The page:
Thank you!

  • On a more general note, is there a specific reason for choosing AMDP over CDS views?

    AMDP is the heavy duty artillery you roll out when CDS doesn’t cut it. CDS is easier and tends to be more reusable.

      • OK, I had my suspicions that may be the case. Well, you picked the deep end, which I guess fulfils your learning goals 🙂

        Personally I’d suggest using CDS in first instance and go for AMDP if you need features such as scripting or to extract that last little squeak in performance.

        In your scenario, you can do the JOINs in one or more CDS view(s) and then do a SELECT with FOR ALL ENTRIES or a temporary table. A great reason for CDS is you can build up complex joins in layers of multiple views, which is easier to build and test than a single complex SELECT with a bunch of JOINs.

        Have a look at some of the SAP CDS views for this area, you might even find one that already supplies most of what you need and you can then either extend it or build your own view on top of it.

        • I like it.  It would make it more readable and testable.  I’ll take a look.  If I have time – it seems like never, I’ll duplicate what I did in CDS and then compare the two.

          I’ll take a look at the already created CDS views too.

          So much to learn so little time.

          • Note there is nothing wrong with your use of AMDP. It’s a database procedure that does a SELECT. In legacy terms it’s a bit like putting your SELECT into a function module vs creating a DDIC view. Both have pros and cons.

          • Oh boy!  You are saying the same thing that always haunts me.  “It depends”….

            But I really do like the approach of a CDS better in this case.  Basically because of the testablity and debug if there is an issue.  I’m also wondering if some of my code could have been shifted into the AMDP to make it a better option.  I’ve been trying to do only one thing in a method.  It is slowly driving me insane.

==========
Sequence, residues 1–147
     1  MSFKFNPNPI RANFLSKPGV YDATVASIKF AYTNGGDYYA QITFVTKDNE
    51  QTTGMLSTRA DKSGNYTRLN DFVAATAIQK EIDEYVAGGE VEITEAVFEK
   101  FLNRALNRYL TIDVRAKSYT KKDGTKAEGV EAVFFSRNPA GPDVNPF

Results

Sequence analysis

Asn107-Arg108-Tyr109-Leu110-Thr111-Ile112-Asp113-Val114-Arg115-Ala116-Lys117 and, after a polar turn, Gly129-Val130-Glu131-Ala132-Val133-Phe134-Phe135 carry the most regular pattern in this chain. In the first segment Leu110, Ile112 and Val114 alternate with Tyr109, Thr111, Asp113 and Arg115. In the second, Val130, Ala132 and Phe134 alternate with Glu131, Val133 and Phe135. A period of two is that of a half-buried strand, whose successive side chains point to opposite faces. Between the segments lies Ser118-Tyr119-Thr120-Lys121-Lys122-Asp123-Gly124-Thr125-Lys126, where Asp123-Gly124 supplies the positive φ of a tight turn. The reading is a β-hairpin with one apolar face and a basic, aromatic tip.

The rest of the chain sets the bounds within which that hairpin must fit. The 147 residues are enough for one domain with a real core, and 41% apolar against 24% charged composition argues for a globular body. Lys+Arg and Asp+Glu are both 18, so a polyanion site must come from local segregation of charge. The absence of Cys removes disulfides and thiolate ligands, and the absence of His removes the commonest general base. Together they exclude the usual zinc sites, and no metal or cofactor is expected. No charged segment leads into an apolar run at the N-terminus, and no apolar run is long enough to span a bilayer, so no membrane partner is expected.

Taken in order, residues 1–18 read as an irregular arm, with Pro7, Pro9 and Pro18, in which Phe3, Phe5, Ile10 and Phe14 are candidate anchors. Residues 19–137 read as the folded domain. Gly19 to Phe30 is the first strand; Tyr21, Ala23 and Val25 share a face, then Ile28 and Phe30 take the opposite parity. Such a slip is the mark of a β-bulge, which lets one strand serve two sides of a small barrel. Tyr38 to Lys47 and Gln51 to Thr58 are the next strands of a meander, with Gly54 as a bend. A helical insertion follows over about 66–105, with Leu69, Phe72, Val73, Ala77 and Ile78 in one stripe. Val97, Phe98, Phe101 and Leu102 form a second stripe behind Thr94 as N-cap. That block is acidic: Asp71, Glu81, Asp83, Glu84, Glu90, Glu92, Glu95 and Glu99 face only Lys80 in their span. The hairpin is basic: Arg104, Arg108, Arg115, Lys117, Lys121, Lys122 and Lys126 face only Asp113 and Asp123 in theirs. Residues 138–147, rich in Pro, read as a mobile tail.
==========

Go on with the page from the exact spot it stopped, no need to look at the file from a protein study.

• Michelle Crapo ðŸ˜€ It happens, Initially when I was learning about CDS views, My first thought was what will happen if there is a bug? How to debug it? and why can’t I debug it so easily like ABAP? and thought It might mess up my whole program and might end up rewriting it..

            But believe me, you will get over it very soon and you will feel super confident about using CDS in a very little time. I believe it was due to my background (Electronic &Communications) and moreover I started my career with ABAP without learning proper db concepts or even SQL 😀 :D.

            If possible put multiple layers of CDS views in case of complex queries so you can figure out the issues easily as well.

            Regards,

            Mahesh

          • Thank you – that sums it up nicely.   Multiple layered CDS should have been what I went for in this case.  It would make it easier to find a mistake.

            There is an added advantage of being able to reuse them easily.  I’m so glad for these comments!  Steering anyone the wrong way – that’s always my greatest nightmare.

             

        • Hi Mike,

          Wouldn’t FOR ALL ENTRIES have some performance issues? With the Open SQL usually the definition of number data records to process in the system is 5. Say an internal table with 100 rows would execute the same Select statement 20 times for different set of data records. My DBA’s always complain about the traditional “FOR ALL ENTRIES” in our organization when we have to process huge data in the program.

          We just started our new implementation of S4 Hana and trying to learn all the new stuff with Open SQL, CDS and AMDP (Code Push Down) techniques. From the best practices perspective I don’t think other than the above 3 very rarely have seen people using Native SQL, ADBC.

          Nice blog Michelle Crapo I though AMDP would be a good fit for your use case based on what I was reading to avoid the For All Entries. May be I am wrong. I would like to stand corrected if any of you think other wise.

          • I’m not sure yet.  It was the idea I had at the time.   I really have to try the same thing with CDS views and see what I end up with.

          • Yes and no, that’s why I wrote FaE or a temporary table.

            I don’t know where you got the number 5 from, but I’d certainly use FaE for more than that. It is database-dependent, older versions of Oracle had a 64k limit, you can fit a few more than 5 conditions in there.

            And the other options are of course code pushdown via CDS or AMDP. It is scenario-dependent which of these four (or other) strategies you choose, there is no universal ‘best’ approach. Testing is the best way to determine the optimum approach if you are not sure.